“After the clash of civilizations, the clash of illusions”

“Russia does not have a monopoly on illusions. » SPUTNIK / REUTERS

FIGAROVOX/TRIBUNE – Samuel Huntington’s thesis, presenting Russia as a “civilized state”, is insufficient to understand the changes brought about by the war in Ukraine, argues Marc Hecker. According to researcher Ifri, Vladimir Putin’s behavior is partly due to the illusion of power.

Marc Hecker is director of research and development at the French Institute of International Relations (Ifri).

30 years ago, Foreign affairs published Clash of civilizations, by Samuel Huntington. The latter think that after the Cold War, the main drivers of conflict are no longer ideological but civilizational. Since the September 11, 2001 attacks, this controversial thesis has primarily been read through the prism of a hypothetical confrontation between the West and the Islamic world, but Huntington’s vision is much broader. Harvard professors identified 8 cultural areas, including the “Slavo-Orthodox” civilization. He considered war between Russia and Ukraine impossible, “two Slavic peoples and mostly Orthodox people”. However, Huntington’s theory echoes in the Kremlin’s rhetoric that presents Russia as a “civilized nation” as opposed to a decadent West. Another surprise, namely the illusion, helps explain the changes brought about by the war in Ukraine.

The term “illusion” has three meanings. The first shows bad perception or wrong interpretation: we think we see what is not there. classics Of International Relations, Perceptions and Misperceptions in International Politics by Robert Jervis emphasizes the importance of this factor in foreign policy. The Russian invasion on February 24, 2022 confirms this. Vladimir Putin sees Ukraine, Europe and the United States as more cruel and divided than they really are. This analytical fallacy was fueled by the frightening Western backlash following Russia’s operations in Georgia in 2008 and the annexation of Crimea in 2014, but also by an exaggerated interpretation of America’s withdrawal from Afghanistan in 2021.

Vladimir Putin thinks he is stronger than he really is. He was caught with some form of strategic bravery.

Marc Hecker

The second meaning of the term “illusion” relates to the discrepancy between desire and reality. In the field of international relations, this is especially manifested by the illusion of power. Vladimir Putin thinks he is stronger than he really is. He was captured by a form of strategic audacity, which we have seen gradually increase since his speech at the Munich Security Conference in 2007 and resulted in a series of coups and outside interventions. Russia has thus asserted itself as a returning power, not only in the near abroad, but also in the Middle East or in Africa. This audacity led the Kremlin to believe it had the means to bring down Kyiv within days. The Russian army proved unable to duplicate American strategy shock and awe and the “special military operation” turned into a long war.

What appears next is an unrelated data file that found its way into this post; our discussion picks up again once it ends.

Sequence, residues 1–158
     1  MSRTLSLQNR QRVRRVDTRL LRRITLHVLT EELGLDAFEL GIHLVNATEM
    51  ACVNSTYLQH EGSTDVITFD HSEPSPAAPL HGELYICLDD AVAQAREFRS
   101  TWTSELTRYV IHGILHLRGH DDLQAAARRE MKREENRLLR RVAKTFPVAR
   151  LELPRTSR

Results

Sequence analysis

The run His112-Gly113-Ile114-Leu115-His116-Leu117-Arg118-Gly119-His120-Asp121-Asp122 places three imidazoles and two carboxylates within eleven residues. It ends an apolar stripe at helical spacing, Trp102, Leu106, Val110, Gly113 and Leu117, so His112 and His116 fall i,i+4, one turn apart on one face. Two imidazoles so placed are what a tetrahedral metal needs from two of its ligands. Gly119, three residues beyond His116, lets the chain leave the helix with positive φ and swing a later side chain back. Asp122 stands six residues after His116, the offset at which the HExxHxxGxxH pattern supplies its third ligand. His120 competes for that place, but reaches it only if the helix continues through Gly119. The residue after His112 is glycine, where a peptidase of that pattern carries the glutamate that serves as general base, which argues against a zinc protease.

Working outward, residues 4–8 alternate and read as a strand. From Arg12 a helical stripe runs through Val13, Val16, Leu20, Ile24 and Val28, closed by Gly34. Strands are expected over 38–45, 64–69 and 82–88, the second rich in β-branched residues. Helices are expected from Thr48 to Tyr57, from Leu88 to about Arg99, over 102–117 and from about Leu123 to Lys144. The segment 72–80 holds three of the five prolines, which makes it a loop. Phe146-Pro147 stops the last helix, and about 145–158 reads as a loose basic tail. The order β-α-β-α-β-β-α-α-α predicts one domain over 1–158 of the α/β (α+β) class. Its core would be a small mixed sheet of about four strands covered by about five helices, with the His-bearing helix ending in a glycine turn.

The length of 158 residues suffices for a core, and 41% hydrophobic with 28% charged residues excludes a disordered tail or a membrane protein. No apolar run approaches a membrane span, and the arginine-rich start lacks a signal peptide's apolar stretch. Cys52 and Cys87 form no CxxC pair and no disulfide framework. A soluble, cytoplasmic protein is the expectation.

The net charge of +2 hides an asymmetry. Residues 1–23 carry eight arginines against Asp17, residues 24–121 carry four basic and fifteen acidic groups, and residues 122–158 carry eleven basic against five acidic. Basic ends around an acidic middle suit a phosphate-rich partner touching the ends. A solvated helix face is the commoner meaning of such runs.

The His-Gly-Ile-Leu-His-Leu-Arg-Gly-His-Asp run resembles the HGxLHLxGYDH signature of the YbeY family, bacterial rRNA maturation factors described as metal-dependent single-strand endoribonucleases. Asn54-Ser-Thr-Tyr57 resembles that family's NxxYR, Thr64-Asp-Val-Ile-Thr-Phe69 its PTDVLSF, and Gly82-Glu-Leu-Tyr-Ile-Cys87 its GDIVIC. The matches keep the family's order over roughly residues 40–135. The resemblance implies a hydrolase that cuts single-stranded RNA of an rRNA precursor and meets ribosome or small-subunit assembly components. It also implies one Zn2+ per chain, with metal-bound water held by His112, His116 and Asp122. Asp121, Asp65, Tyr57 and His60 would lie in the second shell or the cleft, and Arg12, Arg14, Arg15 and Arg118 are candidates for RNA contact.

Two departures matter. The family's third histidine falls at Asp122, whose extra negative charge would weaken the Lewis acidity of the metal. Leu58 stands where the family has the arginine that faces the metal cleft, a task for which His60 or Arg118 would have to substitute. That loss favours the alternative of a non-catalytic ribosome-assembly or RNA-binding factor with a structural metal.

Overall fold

The third meaning of the term “illusion” refers to the product of an intelligence. This illusion is created and presupposes the existence of an illusionist. In other words, touching on the domain of propaganda, misinformation, drunkenness, and even psychological warfare. Russia’s propensity to act in this area – whether through TV stations, internet “farm trolls” or influencers – has been the subject of numerous investigations and scholarly works. . It is more difficult to study how propaganda can turn against its transmitter and produce a form of automatic intoxication. When Vladimir Putin described Ukraine’s leaders as neo-Nazis who enslaved the brotherhood, did he really expect Russian soldiers to be greeted as liberators?

Russia does not have a monopoly on illusions. Many European leaders and experts – especially in Paris, Berlin and Brussels – did not imagine that the Russian army would invade Ukraine and believed in dialogue to get Vladimir Putin to listen to his reasons. They didn’t quite take into account the warnings coming from Washington and London, which were scalded by the manipulation of political intelligence before the invasion of Iraq in 2003 and brought little credit to Boris Johnson, mired in “Party Gate” as Russia was amassing its troops. on the Ukrainian border.

No one knows today how or when the Ukrainian tragedy will end. Faced with this uncertainty, it is very important to be wary of illusions.

Marc Hecker

Today, no one can ignore the nature of Vladimir Putin’s regime, nor the Kremlin’s desire to destroy the Ukrainian nation. But not all politicians draw the same conclusions. Some of them believed that it was necessary to support Kyiv until the defeat of Russia; others are more cautious and believe that negotiations with Moscow will be necessary to end hostilities. They reproach each other for being deceived by an illusion: the ability to liberate Ukrainian territory quickly and completely on the one hand, maintain diplomatic channels with Russia that will only comprehend power on the other.

No one knows today how or when the Ukrainian tragedy will end. Faced with this uncertainty, it is important to be aware of illusion, in all three senses of the term. First, by strengthening the field sensor and analysis capabilities. Second, by being realistic about our actions and the consequences of our increasing involvement in conflict. Thirdly, to intensify the struggle in the field of perception, especially in countries where Russian propaganda resonates. It is often said that truth is the first victim of war. Without pretending to be the truth, let’s at least try to be clearheaded.

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